DePaul University recently announced it will use a “test-optional” submission policy for freshman admission starting in fall 2012, but St. Thomas will not follow suit.
DePaul announced that applicants will be able to either submit ACT or SAT scores, or answer open-ended essay questions. Students are still encouraged to submit test scores, but those who do not will be judged on their high school records in college preparatory courses and on the essay questions, which are “designed to reveal proven predictors of success,” according to the university.
Kris Roach, director of admissions and financial aid at St. Thomas, said requiring applicants to submit an ACT or SAT score as part of the admission process is in the student’s best interest.
“We believe that the ACT and SAT are important pieces of information when making a holistic admission decision,” Roach said. “Standardized test scores are the only common denominator colleges have to evaluate students.”
Roach said because many high schools evaluate students differently, colleges have depended more on ACT and SAT scores in recent years than other measures of potential students, such as grades.
“Grade inflation is alive and well in many high schools, and we find that the GPA is a less reliable measure of preparation than it used to be,” Roach said. “The test scores allow us to consider the student’s overall academic preparation for the rigors of a St. Thomas education.”
Senior Breanna Alston said she is not convinced that standardized testing is the best way to evaluate a student.
“For me, personally, I don’t believe in those standardized tests,” Alston said. “I think admitting someone based on personal responses might be a good indicator of [his or her] goals.“
Roach said looking at ACT and SAT scores is important to determine if an applicant is academically prepared for admission or for scholarship money.
“St. Thomas awards its new incoming first-year students merit-based scholarships based on the student’s academic credentials and the contributions the student has made to [his or her] school and community,” Roach said. “Academic credentials include grade point average, rank in class, ACT and SAT scores and academic achievements and honors that have been earned.”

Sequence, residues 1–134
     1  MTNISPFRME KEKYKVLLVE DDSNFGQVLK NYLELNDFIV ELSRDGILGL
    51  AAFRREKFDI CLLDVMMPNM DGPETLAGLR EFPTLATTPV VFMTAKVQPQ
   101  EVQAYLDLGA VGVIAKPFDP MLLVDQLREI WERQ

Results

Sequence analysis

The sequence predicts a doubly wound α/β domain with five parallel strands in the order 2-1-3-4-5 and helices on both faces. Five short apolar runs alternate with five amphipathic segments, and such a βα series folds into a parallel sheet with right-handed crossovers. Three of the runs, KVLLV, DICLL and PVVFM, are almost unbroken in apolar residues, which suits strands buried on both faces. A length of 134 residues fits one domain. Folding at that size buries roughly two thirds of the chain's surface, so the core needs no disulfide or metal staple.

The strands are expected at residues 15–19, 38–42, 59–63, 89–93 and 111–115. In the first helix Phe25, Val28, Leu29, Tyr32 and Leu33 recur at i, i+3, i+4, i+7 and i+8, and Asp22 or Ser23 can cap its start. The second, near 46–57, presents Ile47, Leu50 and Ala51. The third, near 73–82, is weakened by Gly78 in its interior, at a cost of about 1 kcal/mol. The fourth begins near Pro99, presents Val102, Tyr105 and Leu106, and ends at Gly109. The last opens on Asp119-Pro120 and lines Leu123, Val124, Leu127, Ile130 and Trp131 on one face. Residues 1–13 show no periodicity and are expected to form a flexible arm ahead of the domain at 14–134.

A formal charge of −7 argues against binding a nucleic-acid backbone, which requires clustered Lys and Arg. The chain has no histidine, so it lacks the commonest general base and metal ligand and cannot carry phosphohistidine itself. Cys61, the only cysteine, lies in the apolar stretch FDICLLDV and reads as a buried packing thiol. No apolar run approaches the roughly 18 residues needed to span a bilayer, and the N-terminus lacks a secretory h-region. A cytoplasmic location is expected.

Having students’ test scores also helps the university compete against other institutions, Roach said.
“Schools are routinely evaluated on their enrolled student profile,” Roach said. “Ranking systems, [such as] the U.S. News and World Report, consider a number of factors when determining the best colleges in the region or country. Student profile is one of those factors, among many.”
But some students said the university should consider the test-optional admission policy.
“I’m really bad at standardized testing, but I’m a really hard worker, so having my ACT score, which wasn’t that good, be an indicator of my scholarship is kind of hard,” junior Kate Berkbigler said. “Maybe both options would work, because you have to know where the kid is at to admit them but then also know their personal goals.”
Sophomore Matt Hooley also said students should be able to choose.
“I feel like students should have the option to submit if they want, if they feel that the tests could up their chances,” Hooley said. “But if they feel that they can express themselves and show how good of a student they are just through their essay, then they should be able to do that, too.”
Roach said after looking at more than 5,300 applications for fall 2011, just more than 4,000 were admitted.
“Our goal is to enroll 1,350 new first-year students, which is less than this year’s record-setting class,” Roach said.
Cynthia Johnson can be reached at firstname.lastname@example.org.